5. Watch for their feelings. I have read that predators often search for people who say they are lonely or wanting friends or dissatisfied with life. It is important that although a child be creative and expressive that they guard their vulnerability.

    It is your job as a parent to respond to and be engaged in their feelings. Whether you think they are legitimate or not, their feelings ARE their feelings! Listen to them and respond appropriately. Sometimes just talking about it means a lot. If they are sharing things online and not with you, why?

    Many children get upset with the myspace practice of a person listing their 8 closest friends with their pictures. There is also a place for “boyfriend” and “best friend.” This is difficult for kids as they are forced to choose their best friend. This can result in very real hurt feelings. Listen to them even if you don't understand it! If you don't understand it, get your own myspace!

  6. Communicate with your child online by e-mailing them and visiting and posting on their online page. If you don't want to “embarrass” them with a post on their myspace, then visit their myspace and e-mail them about something they said. That way it is private, but they also know that you're watching!
  7. Peruse the history on the computers used by your child. See if there are any patterns or websites that are new that are being visited a lot. Talk to your child or e-mail them about it.

    They should know that you are watching, vigilant, and involved and that you care. This helps them resist temptation. (We do mandatory drug testing at our high school because we know that this gives kids an excellent reason to “say no.” Your spending time in their history does as well.)

    This is the only way Kimveer Gill's parents would have found this unless they didn't allow a computer in the bedroom.

    This is obviously for children living at home. (My parents always had a “My house, my business” policy that I subscribe to.)

    Some parents are uncomfortable with this “snooping” and “privacy” thing. I'm up front with my kids so I'm not “sneaking around' in their cache. I do believe that they have places that should be private. They have diaries and journals for that but they cannot be read by millions. I do respect their privacy. Their room is private. Our family computers do not go in their room because our family computers belong to the family!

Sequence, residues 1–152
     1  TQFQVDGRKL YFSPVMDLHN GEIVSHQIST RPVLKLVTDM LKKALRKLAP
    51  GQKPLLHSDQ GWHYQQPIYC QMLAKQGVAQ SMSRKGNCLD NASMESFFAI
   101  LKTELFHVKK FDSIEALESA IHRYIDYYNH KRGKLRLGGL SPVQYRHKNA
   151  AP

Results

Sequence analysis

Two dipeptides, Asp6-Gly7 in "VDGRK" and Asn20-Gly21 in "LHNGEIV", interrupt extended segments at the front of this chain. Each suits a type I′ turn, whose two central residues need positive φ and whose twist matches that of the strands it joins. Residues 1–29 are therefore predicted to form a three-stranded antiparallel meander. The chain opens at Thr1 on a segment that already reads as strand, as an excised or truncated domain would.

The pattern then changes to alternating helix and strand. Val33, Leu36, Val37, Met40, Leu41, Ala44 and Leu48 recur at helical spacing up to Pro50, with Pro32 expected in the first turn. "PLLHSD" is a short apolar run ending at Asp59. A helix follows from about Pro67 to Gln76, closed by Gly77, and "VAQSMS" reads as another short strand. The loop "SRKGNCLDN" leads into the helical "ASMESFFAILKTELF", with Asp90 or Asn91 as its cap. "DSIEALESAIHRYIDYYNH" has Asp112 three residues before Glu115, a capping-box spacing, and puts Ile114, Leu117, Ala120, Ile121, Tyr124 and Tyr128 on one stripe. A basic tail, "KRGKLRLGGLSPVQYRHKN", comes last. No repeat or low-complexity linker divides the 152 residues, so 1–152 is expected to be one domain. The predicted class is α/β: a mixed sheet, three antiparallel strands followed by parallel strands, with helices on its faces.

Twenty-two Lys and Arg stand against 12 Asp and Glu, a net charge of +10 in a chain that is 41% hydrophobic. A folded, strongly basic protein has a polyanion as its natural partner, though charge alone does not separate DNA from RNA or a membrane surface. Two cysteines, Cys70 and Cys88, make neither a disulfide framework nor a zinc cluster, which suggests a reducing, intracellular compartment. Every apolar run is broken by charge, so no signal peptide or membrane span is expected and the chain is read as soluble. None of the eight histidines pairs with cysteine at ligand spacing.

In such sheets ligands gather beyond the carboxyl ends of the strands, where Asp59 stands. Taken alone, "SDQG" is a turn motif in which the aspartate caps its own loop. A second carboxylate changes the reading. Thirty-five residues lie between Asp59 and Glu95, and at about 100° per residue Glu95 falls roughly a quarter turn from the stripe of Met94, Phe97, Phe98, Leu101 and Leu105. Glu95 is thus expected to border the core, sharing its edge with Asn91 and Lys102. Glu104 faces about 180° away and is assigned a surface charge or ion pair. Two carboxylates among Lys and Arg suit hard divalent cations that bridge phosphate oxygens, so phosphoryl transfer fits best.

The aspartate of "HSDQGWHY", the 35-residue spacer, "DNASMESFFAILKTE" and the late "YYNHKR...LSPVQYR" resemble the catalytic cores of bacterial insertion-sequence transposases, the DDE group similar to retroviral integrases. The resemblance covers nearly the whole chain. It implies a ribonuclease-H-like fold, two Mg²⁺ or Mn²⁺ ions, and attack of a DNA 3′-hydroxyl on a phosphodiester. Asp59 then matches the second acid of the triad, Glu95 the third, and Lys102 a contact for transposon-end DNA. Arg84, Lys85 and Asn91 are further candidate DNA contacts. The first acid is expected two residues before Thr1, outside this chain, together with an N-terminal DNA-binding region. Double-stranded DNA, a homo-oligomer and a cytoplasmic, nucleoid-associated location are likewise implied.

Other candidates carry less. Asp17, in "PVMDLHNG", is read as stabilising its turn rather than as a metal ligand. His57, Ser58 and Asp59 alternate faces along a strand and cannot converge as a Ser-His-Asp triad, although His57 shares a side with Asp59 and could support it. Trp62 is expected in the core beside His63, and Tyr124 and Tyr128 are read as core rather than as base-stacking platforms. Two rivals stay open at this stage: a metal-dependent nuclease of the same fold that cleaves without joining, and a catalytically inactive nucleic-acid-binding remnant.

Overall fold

It is important for them to know that what they do on the Internet is public and does have repercussions. When they go to work, their business will look at what they view and people have lost jobs for spending time on innappropriate sites. We all have accountability whether we like it or not, so I'm sticking by this one.

  8. Visit their classroom sites. If your child's teacher allows them to post in online classrooms and parents are allowed access, subscribe to or visit their sites. Participate. The teacher will be grateful (I always am) and you will be able to view and see what work your child is doing in comparison to other students. You actually become part of the classroom!

    Parent reinforcement is a powerful. You can comment (or e-mail offline) when they do things in their classroom. And, if for some reason, the teacher doesn't understand privacy (or just let something slip, it happens!) then you can point things out.

    I welcome parent and community involvement in my wiki and blogs. I love parent comments! It is a great thing and brings my subject material home, literally!

  9. Discuss things openly with your child. View news reports and magazine articles and talk about the mistakes the children made and look over each of your profiles to see if there is anything you need to edit or change.
  10. Be the bad guy! Look at the shout outs! Friends can post things on your child's page that can compromise their identity security and state things that are untrue. (A private joke about a skinny dipping event that never happened, for example or the date and time of a meeting!) Be the bad guy.

    While thinking about the best way to handle this and help kids, I asked students in my class if they would ever delete a shout out and they said “NO! That would be rude. I would not do it unless my parents made me!

    I remember as a senior in high school that I told my parents about a party and said, “I'm asking you if I can go to this party but I want you to tell me no, OK.” They said no, they were the bad guy, I couldn't go but I saved face. Do this for your children, it is a gift!